A thirst for knowledge: AVL Beer Week sensory training aims to educate palates

TASTE AND LEARN: Certified cicerone Cliff Mori is gearing his Beer Flavors 101 workshop toward bartenders, servers and anyone else interested in gaining a better understanding of the nuances of beer tasting and evaluation. Photo by Cindy Kunst

The Asheville Brewers Alliance will host a sensory training class led by certified cicerone Cliff Mori upstairs at Barley’s Taproom and Pizzeria on Tuesday, May 31. This introductory guided tasting, titled Beer Flavors 101, will focus on the flavors contributed to beer by yeast, malts and hops, and will feature local examples of styles showcasing the influence these ingredients bring to bear on a beer’s unique flavor profile.

A joint venture between the Asheville Brewers Alliance and the Cicerone Certification Program conceived and orchestrated by ABA director Kendra Penland, Beer Flavors 101 is intended to not only educate the palates of local craft beer drinkers, but also to familiarize them with the standardized vocabulary of beer tasting. According to Mori, the aim is to provide a starting point for people of all levels of beer knowledge to evolve their approach to the tasting process.

“I hope it will encourage participants to be more thoughtful when it comes to how they taste not only beer, but other food and drink as well. We tend to be a society of consumers that gives little thought to what we are consuming,” says Mori. “How many times have you asked someone what they thought of a particular food or drink and the response you received was, ‘Good’?  I’d like to help people get beyond ‘good’ to really be able to talk about what they smell and taste and be able to convey those concepts to others in a way that makes sense.”

Mori is heavily involved in the tutelage of Asheville craft beer connoisseurs and brewing industry professionals. Through his company, BREW-ed, he provides on-site training in proper beer service for the staff of bars, restaurants and tasting rooms, as well as educational brewery tours for those seeking a more in-depth understanding of beer and the brewing process.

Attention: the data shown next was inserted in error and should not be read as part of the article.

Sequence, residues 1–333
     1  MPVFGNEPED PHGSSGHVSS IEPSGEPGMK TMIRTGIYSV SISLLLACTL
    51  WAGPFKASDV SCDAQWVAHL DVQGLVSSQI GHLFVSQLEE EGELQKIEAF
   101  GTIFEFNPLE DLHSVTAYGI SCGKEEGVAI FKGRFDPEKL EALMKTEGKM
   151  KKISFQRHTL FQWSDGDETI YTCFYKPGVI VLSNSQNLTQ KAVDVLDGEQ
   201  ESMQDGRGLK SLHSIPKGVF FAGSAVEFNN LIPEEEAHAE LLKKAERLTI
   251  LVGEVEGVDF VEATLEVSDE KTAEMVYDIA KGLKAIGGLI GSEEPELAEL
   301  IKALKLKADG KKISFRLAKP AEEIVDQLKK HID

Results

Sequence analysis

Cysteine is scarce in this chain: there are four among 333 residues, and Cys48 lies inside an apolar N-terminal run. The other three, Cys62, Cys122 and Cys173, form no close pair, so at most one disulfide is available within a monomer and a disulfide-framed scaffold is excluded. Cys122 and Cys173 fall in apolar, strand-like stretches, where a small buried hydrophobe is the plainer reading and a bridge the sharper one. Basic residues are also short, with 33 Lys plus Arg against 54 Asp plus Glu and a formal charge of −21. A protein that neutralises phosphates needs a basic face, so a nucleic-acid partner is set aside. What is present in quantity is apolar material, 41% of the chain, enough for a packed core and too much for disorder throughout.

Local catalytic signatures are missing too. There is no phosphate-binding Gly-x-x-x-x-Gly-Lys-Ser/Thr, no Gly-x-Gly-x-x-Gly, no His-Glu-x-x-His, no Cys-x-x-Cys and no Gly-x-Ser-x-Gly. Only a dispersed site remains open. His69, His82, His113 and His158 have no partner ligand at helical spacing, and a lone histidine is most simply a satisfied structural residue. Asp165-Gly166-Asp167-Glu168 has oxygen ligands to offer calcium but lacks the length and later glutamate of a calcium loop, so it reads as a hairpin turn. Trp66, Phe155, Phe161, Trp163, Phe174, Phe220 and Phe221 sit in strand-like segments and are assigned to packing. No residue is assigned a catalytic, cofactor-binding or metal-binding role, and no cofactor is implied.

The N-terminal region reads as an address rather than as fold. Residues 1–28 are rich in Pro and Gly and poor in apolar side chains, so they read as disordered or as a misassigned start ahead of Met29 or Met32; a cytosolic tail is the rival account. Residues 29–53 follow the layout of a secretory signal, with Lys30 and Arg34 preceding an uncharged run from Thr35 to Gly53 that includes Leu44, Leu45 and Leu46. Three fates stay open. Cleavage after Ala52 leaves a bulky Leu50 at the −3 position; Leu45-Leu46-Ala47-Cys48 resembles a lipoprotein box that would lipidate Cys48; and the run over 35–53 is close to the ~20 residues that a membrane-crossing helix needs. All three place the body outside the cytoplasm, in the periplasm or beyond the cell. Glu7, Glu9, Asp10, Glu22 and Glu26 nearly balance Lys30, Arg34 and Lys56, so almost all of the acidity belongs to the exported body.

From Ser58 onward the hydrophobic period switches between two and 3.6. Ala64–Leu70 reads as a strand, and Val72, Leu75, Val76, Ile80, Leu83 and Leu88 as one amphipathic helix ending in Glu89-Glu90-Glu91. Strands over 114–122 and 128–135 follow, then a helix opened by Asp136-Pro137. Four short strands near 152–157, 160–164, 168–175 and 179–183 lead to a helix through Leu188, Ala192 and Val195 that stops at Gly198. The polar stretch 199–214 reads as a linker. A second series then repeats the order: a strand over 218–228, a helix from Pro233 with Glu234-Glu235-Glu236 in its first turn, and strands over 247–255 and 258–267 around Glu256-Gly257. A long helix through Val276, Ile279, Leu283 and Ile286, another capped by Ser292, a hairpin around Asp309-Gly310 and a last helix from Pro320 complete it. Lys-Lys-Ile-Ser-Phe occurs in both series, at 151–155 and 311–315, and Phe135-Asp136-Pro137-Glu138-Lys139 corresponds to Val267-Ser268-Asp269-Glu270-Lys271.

He is also an independent contractor who has been employed for the last four years as a teacher, exam proctor and grader for the Cicerone Certification Program, a role that has taken him as far north as Vermont and as far west as Texas. Mori is currently leading a series of sensory training and off-flavor classes at Highland Brewing Co. as a part of Cicerone’s Beersavvy Bootcamp program.

While Beer Flavors 101 was developed to contribute an educational component to this year’s Asheville Beer Week festivities, the purpose of the event is to engage novices and experts alike without intimidating those new to tasting techniques and terminology. “We want folks — from craft beer aficionados to new fans — to learn about some of the fundamentals of craft beer in an informal, relaxed setting from a top-notch beer educator,” says Penland.

“This event will be great for those interested in learning more about where beer flavors come from. The material will be geared toward the average craft enthusiast, but the tasting techniques we will be employing are useful to anyone with a need to critically taste and evaluate beer,” Mori says. “Servers and bartenders working in Asheville who would like to have a better understanding of beer flavor would definitely benefit as well.”

Mori hopes that the class will enhance Asheville beer lovers’ Beer Week experience. “I think this is a great early event for the week. Hopefully after attending this event, people will be able to give a little more thought to the amazing local beers they’ll be drinking all week,” he says. Details about Mori’s Beersavvy classes can be found at cicerone.org, and his brewery tours can be booked at brew-ed.com.


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